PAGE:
Technology for Sharing Community-Generated Video

Technically, what we have described so far is akin to a user-generated video sharing system. The question we face is how to build such a "Web 2.0" application without having to replicate the "Web 2.0" physical infrastructure in slums and rural areas. A best example illustrating our approach is what we call the "Postmanet," in which computer network packets normally placed on wires are now placed on DVDs transported by the postal system. On top of this low-level connectivity provided by the Postmanet, we build the rest of the distributed DSH database in a way that is conceptually similar to how an existing peer-to-peer content sharing network works.

The above figure illustrates the end-to-end system. On the far left is a fleet of digital camcorders serving as the eyes and ears (or input devices) of the system. They are shared among the DSH participants who contribute content into the system and they may be constantly on the go. The resulting tapes are funneled to the nearby hubs for digitizing and uploading into the local databases, which communicate with each other via the Postmanet and synchronize their content. On the far right, shared TVs and DVD players economically serve as the output devices of the system.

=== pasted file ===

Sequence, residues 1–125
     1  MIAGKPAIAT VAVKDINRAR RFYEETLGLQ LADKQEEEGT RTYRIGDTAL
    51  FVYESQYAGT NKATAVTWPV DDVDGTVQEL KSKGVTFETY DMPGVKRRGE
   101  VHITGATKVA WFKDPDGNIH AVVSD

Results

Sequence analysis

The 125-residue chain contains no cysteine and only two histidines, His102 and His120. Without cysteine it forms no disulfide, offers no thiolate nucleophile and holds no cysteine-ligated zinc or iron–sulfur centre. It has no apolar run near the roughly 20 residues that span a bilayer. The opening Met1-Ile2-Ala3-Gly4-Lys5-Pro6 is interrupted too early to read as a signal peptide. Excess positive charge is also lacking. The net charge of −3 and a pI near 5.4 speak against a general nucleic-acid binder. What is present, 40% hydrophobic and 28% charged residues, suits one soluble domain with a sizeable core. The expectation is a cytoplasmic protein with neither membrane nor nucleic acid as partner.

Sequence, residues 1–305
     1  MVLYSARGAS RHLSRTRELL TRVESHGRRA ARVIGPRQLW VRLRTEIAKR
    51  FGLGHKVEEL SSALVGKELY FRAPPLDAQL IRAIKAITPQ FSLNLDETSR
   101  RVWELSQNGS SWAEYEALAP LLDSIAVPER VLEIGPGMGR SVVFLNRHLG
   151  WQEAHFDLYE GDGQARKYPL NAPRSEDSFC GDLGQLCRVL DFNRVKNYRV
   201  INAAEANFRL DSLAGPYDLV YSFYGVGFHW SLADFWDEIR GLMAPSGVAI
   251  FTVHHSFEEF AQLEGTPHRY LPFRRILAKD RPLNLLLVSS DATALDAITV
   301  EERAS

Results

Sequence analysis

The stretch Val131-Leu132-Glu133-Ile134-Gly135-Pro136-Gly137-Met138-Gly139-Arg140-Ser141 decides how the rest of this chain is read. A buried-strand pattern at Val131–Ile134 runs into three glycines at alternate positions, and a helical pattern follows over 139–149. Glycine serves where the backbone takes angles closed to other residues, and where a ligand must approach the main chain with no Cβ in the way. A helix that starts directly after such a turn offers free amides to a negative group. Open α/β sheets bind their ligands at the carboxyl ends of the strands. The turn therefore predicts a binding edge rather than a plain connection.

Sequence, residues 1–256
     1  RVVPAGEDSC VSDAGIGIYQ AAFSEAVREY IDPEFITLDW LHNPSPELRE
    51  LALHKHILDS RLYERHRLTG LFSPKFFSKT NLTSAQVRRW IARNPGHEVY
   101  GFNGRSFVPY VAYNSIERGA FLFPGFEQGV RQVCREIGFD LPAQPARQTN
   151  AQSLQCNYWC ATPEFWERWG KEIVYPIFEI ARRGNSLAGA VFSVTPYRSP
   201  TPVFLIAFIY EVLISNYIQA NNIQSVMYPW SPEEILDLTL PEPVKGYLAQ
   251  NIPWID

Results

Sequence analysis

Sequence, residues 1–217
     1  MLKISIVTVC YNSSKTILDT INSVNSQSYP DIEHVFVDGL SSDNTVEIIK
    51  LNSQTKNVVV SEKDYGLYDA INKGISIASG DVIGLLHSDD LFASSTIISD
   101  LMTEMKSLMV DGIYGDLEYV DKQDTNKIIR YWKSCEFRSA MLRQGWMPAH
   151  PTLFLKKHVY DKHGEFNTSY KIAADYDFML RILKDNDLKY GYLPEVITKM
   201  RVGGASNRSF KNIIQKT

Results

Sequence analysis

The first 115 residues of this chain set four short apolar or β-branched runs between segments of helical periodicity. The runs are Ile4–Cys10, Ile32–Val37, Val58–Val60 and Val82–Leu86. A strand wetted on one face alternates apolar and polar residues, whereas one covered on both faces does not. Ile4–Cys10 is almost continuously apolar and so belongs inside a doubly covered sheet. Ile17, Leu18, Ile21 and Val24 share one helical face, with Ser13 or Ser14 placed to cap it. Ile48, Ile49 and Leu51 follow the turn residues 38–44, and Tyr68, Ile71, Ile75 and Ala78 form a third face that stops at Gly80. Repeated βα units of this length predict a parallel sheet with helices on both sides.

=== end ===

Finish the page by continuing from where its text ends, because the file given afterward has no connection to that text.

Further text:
In this arrangement, we have chosen an approach exploiting practical, cheap, and well-understood "light-tech" metaphors (such as TVs, DVD players, camcorders, the postal system, and cell phones) at the fringe, while concentrating the "higher-tech" elements (those employed in a hub, such as elements of a distributed database, significant storage, digitizers, DVD-burning robots, conventional Internet connectivity, and a suite of other software tools) inside the hybrid "network." This two-tier system makes an Internet-like system accessible to the underprivileged, so that anyone can contribute content to the "network," and anyone can consume content made available on the "network." The same system may be used for other areas of work (such as agriculture, health care, and political activism).

The higher-level DSH goals, such as producing a People's Database of Everything freely accessible to all, and harvesting community participation, however, are technology-neutral and target audience-neutral. So, for example, in countries where there is a sizeable middle-class population today, the DSH database may be accessible via PCs, broadband, and/or portable devices (like the Zune or the iPod); a DSH mediator may even play her role remotely over the network. When, in the future, technology options improve in poorer regions, we may also provide a smooth migration path, transitioning gradually from "light-tech" delivery to "higher-tech" delivery, and improving service quality in the process. In this sense, we hope DSH will be able to play a role in transforming the education landscape, spanning a continuum across the dimensions of space (from the disadvantaged to the middle-class) and time (from now into the future)!